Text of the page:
During the panel, Chism described some key elements of the school design for South Bronx charter, which used a competency-based model.
To graduate from the school, which opened in 2016, students must meet 66 learning targets, he explained. If students don’t meet a particular target, they can revisit it again down the line and prove they understand the concepts. Getting students toward proficiency isn’t just about academics, said Chism. Students who are struggling work “alongside a [learning coach] who provides assistance and pays attention to their social and emotional development,” he said.
Sources of Friction
But there are sources of friction as policymakers seek to reinvent the high school. One example is the concept of “seat time” — the idea that schools must ensure students spend a certain number of hours in the classroom learning material, irrespective of whether they’re acquiring knowledge or not. The seat-time unit was a product of the early 1900s, when universities and high schools were creating standards for ensuring students learned enough.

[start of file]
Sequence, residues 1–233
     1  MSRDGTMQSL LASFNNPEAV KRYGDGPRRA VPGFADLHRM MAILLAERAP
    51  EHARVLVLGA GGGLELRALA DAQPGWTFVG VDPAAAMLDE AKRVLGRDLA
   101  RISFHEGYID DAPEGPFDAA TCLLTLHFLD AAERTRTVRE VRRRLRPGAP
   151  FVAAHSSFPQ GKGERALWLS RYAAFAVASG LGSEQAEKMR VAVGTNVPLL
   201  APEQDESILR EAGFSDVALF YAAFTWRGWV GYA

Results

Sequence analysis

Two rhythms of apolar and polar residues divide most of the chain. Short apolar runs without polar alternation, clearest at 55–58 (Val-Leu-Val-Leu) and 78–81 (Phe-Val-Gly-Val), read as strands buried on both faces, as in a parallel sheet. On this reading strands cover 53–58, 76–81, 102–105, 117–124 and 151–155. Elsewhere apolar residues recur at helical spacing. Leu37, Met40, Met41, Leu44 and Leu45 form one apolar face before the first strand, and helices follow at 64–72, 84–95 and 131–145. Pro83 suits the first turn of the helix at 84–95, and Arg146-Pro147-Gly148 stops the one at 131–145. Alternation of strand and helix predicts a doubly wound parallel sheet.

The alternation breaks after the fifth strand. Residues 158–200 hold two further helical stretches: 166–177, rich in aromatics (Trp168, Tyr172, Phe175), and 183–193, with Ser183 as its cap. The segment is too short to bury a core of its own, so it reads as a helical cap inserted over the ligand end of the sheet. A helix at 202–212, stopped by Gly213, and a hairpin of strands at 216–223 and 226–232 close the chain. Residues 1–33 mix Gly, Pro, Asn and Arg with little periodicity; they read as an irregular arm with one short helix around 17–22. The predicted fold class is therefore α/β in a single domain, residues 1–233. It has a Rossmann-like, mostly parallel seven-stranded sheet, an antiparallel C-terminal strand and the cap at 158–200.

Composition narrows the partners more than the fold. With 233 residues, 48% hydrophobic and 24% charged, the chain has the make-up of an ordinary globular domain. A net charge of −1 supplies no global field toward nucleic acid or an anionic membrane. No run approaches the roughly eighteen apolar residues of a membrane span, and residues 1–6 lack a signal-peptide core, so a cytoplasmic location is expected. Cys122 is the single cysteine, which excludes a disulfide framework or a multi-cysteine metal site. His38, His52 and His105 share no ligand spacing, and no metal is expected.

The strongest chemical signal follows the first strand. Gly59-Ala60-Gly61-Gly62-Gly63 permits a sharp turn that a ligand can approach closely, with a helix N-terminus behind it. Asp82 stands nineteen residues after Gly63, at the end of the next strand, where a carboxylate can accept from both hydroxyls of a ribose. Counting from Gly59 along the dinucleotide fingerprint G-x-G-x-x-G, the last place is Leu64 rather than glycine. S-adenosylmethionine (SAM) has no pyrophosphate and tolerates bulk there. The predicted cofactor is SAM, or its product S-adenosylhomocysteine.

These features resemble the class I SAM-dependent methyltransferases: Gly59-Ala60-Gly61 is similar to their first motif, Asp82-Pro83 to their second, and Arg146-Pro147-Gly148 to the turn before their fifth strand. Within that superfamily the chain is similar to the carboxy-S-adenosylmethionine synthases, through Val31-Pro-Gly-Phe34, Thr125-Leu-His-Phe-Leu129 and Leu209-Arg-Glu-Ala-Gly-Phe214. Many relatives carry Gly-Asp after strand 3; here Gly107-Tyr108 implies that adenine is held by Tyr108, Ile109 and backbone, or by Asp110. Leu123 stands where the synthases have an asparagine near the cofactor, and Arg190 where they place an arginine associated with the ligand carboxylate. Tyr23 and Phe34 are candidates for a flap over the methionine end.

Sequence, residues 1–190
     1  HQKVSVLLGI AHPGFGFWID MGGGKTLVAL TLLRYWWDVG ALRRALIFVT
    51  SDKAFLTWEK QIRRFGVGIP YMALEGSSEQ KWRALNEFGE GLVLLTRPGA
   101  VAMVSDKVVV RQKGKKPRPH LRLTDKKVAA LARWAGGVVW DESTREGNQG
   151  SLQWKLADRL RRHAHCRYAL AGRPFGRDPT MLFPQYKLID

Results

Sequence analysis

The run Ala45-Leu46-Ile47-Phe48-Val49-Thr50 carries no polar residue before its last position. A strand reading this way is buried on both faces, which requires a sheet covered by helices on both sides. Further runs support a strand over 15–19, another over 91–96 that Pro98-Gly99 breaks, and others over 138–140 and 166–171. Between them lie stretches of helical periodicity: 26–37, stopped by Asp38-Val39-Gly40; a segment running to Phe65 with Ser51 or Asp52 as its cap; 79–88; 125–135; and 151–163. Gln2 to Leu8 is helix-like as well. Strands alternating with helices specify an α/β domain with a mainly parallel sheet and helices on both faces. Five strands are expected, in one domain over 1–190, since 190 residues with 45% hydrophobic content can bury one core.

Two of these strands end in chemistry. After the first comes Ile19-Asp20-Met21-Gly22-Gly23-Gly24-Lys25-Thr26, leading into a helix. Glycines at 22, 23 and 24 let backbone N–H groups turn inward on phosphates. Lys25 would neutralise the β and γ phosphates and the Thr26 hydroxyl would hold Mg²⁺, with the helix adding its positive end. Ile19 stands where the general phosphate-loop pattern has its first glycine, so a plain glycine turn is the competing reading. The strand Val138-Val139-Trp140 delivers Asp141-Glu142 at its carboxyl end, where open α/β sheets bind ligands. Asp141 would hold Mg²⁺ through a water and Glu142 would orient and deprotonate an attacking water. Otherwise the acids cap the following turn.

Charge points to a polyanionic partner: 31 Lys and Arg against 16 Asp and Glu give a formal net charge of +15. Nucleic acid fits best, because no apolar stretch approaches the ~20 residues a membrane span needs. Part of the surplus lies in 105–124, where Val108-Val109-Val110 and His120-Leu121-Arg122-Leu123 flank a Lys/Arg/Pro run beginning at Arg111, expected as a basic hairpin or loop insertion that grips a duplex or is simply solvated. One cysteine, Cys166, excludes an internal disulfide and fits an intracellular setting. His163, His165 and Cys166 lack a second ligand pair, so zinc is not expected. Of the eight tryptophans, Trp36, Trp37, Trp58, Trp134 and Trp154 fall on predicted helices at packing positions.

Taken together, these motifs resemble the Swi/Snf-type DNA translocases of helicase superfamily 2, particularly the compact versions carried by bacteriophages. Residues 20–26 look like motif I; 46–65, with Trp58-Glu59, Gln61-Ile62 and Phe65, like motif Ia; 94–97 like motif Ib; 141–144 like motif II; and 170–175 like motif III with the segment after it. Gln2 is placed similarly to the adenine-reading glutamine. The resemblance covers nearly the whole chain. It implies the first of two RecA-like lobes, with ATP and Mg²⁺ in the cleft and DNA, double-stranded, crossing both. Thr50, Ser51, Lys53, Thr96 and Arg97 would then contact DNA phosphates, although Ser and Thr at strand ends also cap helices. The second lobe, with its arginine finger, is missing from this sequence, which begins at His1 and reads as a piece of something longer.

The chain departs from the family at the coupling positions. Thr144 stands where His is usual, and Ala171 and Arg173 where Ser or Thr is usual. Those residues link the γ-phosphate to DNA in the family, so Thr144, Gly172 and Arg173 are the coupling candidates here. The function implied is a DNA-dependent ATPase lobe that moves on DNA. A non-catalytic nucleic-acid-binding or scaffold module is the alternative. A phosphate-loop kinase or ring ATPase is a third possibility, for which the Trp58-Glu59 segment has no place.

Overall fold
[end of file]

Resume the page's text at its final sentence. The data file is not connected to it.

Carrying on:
The seat-time concept today can get in the way of school reform approaches that allow students to demonstrate competency in a subject without necessarily spending the required seat time learning it, like the algebra students at Manchester School of Technology. (The school was featured in a recent Christian Science Monitor story by reporter Stacy Teicher Khadaroo, an EWA Reporting Fellow.) That has implications for how states award diplomas and how colleges determine whether students meet standards for admissions.
Rebecca E. Wolfe, an associate vice president at the policy and advocacy group Jobs for the Future, said most U.S. high schools are using a model that is outmoded for the learning needs of today’s students.